Situation: I've got a UITableViewController loading some data asynchronously from a service. During this time I would like to place a full screen (except navigation bar) view over the table view showing my custom indicator and text.

Problem: The problem I'm facing is that when my custom view (it has a red background) is placed over the UITableView the lines of the table view are shown trough my custom view (see image below).

What I tried: I tried to use insertBelow and above, didn't work. I also tried to do: tableview.Hidden = true, but this also hides the custom view for some reason as seen on image 2.

See lines

Image1: For some reason I can see the lines threw my view.

Hidden true

Image 2: Tableview + custom view gone when hidden = true used.

My code:

        public override void ViewDidLoad ()
        base.ViewDidLoad ();

        UIView view = new UIView (new RectangleF (0, 0, this.TableView.Frame.Width, this.TableView.Frame.Height));
        view.BackgroundColor = UIColor.Red;

        this.TableView.AddSubview (view);

        TableView.Source = new SessionTableViewSource ();

You can use self.navigationController.view as view for adding subview.

  • 1
    This did the job for me~ Thank you:)
    – DeXter
    Apr 8 '15 at 8:39
  • You can create a custom subview like this: let customView: UIView = { let //addPropertiesHere customView = UIView() return customView }() self.navigationController?.view.addSubview(customView). Works really well with DZNEmptyDataSet. Jun 13 '17 at 3:20
  • This will cover the navigation bar (iOS 13), which is not what the OP wants.
    – Womble
    May 18 '20 at 9:04

The issue is that the View of a UITableViewController is a UITableView, so you cannot add subviews to the controller on top of the table.

I'd recommend switching from a UITableViewController to a simple UIViewController that contains a UITableView. This way the controller main view is a plain UIView that contains a table, and you can add subviews to the main UIView and they will be placed on top of the table view.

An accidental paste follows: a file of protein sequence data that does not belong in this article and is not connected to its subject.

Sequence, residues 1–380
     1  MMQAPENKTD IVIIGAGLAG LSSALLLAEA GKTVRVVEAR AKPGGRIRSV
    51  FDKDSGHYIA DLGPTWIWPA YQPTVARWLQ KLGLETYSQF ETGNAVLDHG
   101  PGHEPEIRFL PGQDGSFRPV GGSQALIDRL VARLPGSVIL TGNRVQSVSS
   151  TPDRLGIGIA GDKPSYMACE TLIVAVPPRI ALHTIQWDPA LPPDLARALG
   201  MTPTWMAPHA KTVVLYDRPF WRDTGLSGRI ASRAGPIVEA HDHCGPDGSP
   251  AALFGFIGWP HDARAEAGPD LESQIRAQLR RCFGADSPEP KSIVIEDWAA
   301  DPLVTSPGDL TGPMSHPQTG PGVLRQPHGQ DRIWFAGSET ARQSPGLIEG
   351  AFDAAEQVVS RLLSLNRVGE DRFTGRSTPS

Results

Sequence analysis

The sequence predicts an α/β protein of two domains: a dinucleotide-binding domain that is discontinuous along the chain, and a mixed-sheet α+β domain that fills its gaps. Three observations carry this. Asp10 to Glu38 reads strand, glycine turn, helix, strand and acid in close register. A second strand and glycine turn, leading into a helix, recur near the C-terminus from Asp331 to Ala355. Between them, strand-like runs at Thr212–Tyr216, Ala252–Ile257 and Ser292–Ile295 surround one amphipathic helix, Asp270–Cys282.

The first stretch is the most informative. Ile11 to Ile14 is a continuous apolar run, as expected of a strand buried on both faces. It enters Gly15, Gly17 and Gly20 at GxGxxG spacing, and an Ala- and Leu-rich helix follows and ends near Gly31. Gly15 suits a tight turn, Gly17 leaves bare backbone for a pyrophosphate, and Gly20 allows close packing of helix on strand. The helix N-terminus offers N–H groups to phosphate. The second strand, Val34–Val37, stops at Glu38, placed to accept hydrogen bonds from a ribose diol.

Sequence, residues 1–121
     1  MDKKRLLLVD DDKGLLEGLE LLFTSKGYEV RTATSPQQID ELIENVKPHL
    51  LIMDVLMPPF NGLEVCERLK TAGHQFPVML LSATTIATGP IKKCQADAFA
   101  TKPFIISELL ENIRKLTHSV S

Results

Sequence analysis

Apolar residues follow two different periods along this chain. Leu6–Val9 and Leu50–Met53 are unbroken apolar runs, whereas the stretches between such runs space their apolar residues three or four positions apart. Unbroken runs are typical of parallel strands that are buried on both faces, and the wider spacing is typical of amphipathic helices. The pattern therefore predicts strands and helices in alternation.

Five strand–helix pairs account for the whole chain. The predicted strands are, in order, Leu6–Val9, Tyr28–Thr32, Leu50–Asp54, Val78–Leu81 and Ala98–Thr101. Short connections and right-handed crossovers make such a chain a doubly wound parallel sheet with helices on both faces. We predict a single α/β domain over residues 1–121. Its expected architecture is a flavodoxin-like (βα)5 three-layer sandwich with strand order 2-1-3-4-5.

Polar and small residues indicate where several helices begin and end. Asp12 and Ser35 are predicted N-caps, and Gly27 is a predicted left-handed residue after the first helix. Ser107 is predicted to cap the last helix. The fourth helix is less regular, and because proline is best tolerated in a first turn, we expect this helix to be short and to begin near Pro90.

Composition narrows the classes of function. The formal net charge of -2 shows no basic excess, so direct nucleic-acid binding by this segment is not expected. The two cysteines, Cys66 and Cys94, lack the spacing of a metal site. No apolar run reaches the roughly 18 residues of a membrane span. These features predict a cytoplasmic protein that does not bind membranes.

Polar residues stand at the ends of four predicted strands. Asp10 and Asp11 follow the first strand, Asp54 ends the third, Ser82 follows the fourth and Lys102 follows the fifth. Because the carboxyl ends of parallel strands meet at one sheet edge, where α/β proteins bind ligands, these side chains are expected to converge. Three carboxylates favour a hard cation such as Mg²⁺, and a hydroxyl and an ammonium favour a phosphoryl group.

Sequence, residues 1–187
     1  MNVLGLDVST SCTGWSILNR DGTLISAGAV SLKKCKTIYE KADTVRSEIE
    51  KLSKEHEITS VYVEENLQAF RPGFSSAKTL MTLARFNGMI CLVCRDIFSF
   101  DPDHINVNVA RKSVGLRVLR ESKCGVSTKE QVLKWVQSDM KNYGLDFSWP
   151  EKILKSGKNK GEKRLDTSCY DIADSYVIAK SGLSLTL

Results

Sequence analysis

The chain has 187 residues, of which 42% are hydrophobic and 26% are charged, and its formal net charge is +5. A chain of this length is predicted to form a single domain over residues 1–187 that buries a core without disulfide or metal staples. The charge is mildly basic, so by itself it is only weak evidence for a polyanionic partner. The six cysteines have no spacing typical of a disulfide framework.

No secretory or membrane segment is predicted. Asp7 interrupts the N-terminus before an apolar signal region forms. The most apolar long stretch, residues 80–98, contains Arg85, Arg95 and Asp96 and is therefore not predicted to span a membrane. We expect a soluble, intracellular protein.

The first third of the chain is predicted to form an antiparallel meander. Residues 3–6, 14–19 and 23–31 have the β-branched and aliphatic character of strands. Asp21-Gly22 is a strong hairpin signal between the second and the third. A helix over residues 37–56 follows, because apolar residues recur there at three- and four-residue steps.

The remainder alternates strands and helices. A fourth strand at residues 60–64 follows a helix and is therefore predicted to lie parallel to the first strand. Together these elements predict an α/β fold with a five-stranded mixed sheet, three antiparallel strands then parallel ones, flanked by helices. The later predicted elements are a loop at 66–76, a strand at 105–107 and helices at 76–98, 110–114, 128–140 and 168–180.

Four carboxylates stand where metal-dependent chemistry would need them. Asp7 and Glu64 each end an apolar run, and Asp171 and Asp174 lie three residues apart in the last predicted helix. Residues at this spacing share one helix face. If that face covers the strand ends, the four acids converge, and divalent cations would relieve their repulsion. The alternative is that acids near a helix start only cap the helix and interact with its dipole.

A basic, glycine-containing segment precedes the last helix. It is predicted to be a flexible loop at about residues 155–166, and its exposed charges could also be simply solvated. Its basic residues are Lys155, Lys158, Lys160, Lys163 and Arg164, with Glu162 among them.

• 2
    you lose so much functionality by not using UITableViewController so best choose another solution
    – malhal
    Jan 13 '19 at 22:28

You can try to add the view to the window instead of nesting it in the table view like this:

UIWindow* mainWindow = [[UIApplication sharedApplication] keyWindow];
[mainWindow addSubview: overlayview];
  • My keyWindow is null for some reason
    – Mittchel
    Sep 2 '13 at 20:21
UIWindow* window = [[UIApplication sharedApplication].delegate.window;
[window addSubview: your-overlayview];

Swift / Storyboard Solution

Note: The code below assumes one has a custom view (ratingView in my case) that is to be presented over a UITableView.

I've read many answers to this and similar questions on SO. The other answers from these sources worked to varying degrees for me (e.g.,view loaded but not shown or not accessible,...). I am using Swift 2.0+ and I am sharing the complete solution for doing this using a UITableViewController.

Create an outlet to the Navigation Bar and the view, which you want to bring over the tableview.

@IBOutlet weak var navBar:UINavigationBar!
@IBOutlet var ratingView: MNGStarRating!

In my case I also wanted to animate the view over the tableview so I used a class variable to hold a reference to the inflection point and a point above the scene (off-screen).

var centerYInflection:NSLayoutConstraint!
var aPointAboveScene = -(max(UIScreen.mainScreen().bounds.width,UIScreen.mainScreen().bounds.height) * 2.0)

Then in viewDidLoad I called a function (configureRatingViewAutoLayout) which configures and adds the constraints for the new view to be animated over the tableview.

func configureRatingViewAutoLayout() {

    var newConstraints:[NSLayoutConstraint] = []
    newConstraints.append(self.ratingView.leadingAnchor.constraintEqualToAnchor(self.view.leadingAnchor,constant: 10))